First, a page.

Companies spend billions putting images of their products before us. They almost always use beautiful and appealing people to promote what they are selling. We look at those ads and see ourselves, not just with the products but as actually being like the people in the ads. Materialism would not be nearly as effective if it were not for the subtle (and sometimes not so subtle) sensuality woven into the advertising. It is advertising’s most powerful technique, but it acts like poison to Christians who are struggling against the dangers of materialism.

Advertising that attaches sensuality to retailers’ products can become a powerful tool. Retailers sell their merchandise by creating excitement in the minds of consumers. The experience is pure fantasy, but it works. It can be almost mystical, taking people, however fleetingly, to what seems like another realm of existence. It becomes a false religion that offers no knowledge and no spiritual truth; yet, at the moment, it is so appealing and alluring that many people don’t resist it. We want it, and we feel that we deserve it, so why not get it? God alone knows the vast amounts that have been spent, and still will be spent, on things that advertisers have convinced us we need.

This love of money can encourage overconfidence and a grandiose attitude of self-absorption and conceit. This is because materialism imbues people who have great possessions with an inflated sense of importance. When one has a lot of money, it’s easy to think more highly of oneself than one should. After all, everyone wants to be rich, but only a very few attain great wealth. Hence, it is easy for the rich to become self-absorbed, proud, and boastful.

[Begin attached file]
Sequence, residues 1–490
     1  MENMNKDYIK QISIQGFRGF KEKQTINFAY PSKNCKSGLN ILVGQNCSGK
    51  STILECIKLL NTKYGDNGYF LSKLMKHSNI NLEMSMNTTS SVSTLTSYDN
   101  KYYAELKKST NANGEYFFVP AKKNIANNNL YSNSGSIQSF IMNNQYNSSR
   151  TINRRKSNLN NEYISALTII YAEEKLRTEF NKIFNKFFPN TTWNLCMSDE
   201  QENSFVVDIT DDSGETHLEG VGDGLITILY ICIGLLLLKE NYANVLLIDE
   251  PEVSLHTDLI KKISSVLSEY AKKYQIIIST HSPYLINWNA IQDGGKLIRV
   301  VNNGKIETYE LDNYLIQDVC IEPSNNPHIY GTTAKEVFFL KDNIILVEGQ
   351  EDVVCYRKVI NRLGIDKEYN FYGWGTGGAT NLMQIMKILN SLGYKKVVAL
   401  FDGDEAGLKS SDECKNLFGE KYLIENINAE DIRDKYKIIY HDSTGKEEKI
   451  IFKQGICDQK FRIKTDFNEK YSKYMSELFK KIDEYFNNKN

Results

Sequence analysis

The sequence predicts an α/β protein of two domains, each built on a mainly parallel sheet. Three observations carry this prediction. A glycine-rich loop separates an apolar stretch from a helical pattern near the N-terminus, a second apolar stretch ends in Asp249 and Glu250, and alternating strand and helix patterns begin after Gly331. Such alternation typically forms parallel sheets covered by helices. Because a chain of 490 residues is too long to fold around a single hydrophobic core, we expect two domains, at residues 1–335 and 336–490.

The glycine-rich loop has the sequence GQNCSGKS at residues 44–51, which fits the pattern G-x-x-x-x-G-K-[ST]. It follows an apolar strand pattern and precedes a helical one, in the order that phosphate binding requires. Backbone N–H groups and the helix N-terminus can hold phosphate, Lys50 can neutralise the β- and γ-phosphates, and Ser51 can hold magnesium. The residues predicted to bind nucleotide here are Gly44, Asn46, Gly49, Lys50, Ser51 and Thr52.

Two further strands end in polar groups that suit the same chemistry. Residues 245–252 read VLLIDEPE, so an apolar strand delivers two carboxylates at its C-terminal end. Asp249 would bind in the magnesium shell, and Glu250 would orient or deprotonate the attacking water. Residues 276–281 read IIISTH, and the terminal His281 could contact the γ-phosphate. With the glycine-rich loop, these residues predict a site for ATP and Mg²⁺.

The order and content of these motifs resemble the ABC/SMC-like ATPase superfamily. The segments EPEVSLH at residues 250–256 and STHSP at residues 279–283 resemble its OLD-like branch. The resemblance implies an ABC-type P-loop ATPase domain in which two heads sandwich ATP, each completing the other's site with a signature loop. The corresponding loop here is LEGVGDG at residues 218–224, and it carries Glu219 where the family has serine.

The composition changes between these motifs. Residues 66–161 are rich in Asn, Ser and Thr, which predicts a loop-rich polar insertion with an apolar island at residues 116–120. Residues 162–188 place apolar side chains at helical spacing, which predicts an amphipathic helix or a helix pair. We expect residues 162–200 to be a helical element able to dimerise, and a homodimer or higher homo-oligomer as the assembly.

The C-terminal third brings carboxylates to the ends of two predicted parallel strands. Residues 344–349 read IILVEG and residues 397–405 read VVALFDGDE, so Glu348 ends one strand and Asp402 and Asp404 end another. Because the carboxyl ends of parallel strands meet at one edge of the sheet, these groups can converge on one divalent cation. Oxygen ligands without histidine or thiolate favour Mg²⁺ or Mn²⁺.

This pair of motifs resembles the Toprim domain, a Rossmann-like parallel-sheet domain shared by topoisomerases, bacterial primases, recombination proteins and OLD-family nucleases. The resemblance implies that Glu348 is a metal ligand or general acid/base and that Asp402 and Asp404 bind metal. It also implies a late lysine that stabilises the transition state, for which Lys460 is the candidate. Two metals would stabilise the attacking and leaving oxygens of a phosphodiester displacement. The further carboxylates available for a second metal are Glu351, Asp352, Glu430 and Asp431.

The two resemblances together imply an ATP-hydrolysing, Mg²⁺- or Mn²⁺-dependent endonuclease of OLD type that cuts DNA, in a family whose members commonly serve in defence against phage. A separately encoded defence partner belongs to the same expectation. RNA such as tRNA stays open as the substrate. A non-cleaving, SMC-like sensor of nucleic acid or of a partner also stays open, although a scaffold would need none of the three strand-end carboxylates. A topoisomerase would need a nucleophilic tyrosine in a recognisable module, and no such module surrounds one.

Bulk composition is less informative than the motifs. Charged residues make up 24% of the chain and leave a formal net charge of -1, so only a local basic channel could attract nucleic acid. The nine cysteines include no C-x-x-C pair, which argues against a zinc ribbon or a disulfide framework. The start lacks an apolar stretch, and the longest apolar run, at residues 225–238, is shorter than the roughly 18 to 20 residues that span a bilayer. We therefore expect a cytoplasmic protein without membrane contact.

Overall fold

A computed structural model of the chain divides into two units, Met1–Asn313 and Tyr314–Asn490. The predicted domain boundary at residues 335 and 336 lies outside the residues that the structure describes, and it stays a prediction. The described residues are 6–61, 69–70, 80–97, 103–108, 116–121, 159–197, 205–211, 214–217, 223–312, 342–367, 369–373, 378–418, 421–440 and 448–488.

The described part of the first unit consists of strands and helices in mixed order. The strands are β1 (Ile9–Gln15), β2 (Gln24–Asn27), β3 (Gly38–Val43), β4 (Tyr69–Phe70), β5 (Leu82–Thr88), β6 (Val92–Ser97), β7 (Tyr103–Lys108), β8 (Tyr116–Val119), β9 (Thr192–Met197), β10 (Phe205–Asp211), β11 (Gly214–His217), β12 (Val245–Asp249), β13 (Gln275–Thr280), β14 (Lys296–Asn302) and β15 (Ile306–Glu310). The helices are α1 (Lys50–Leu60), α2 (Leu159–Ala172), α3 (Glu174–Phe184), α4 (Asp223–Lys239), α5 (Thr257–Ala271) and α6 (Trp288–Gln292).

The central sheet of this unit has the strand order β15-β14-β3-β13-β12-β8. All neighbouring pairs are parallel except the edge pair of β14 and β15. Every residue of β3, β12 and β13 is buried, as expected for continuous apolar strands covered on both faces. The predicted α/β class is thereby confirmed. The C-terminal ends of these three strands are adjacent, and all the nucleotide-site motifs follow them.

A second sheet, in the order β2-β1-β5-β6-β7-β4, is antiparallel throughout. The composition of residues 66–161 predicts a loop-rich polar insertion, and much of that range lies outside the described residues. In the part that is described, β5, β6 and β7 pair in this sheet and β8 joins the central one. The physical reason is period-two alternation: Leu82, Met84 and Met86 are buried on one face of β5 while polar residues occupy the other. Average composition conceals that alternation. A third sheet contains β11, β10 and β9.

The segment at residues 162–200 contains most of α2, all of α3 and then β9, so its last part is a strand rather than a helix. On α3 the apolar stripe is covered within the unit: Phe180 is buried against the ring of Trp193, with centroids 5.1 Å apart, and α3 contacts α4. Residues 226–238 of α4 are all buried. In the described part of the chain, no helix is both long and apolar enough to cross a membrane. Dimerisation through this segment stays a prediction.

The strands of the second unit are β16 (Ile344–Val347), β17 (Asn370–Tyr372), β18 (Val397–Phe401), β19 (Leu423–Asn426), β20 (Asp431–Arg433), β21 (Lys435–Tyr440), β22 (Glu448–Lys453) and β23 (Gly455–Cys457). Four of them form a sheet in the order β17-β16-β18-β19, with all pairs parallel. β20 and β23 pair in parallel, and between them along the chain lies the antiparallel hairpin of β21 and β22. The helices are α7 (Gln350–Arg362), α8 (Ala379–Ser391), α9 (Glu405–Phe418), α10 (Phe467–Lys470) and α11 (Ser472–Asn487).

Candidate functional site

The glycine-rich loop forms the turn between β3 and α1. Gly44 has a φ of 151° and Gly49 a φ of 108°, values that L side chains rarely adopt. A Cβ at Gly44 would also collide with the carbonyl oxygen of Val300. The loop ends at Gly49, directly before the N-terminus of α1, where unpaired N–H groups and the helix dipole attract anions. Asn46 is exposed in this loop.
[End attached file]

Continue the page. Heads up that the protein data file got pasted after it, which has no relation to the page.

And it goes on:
God says, “‘I am the vine, you are the branches. Without Me you can do nothing’” (John 15:5). The connection is direct and secure. “All true obedience comes from the heart. It was heart work with Christ. And if we consent, He will so identify Himself with our thoughts and aims, so blend our hearts and minds into conformity to His will, that when obeying Him we shall be but carrying out our own impulses.”—Ellen G. White, The Desire of Ages, p. 668. On the other hand, materialism offers us an identity that is synonymous with our possessions.

In other words, we define ourselves on the basis of what we own and what we can buy of this world’s goods. James cautions us against this: “Your gold and silver are corroded. Their corrosion will testify against you and eat your flesh like fire. You have hoarded wealth in the last days” (James 5:3). “To hoard” means to collect and store up many treasures; more important, it is in those treasures, whether few or many, that many find their identity (Luke 12:19–21).

Materialism is a form of identity confusion. This means that for many of us, our identity becomes fused with our possessions. Our possessions become our God (Matt. 6:19–21). As one person said, “I am nothing without my things.” How sad that we can identify ourselves only through whatever earthly possessions we have. What a shallow, fleeting, and ultimately futile way to live one’s life, especially for someone claiming to be a Christian. Do we identify with God or with our possessions? Eventually, it will be one or the other.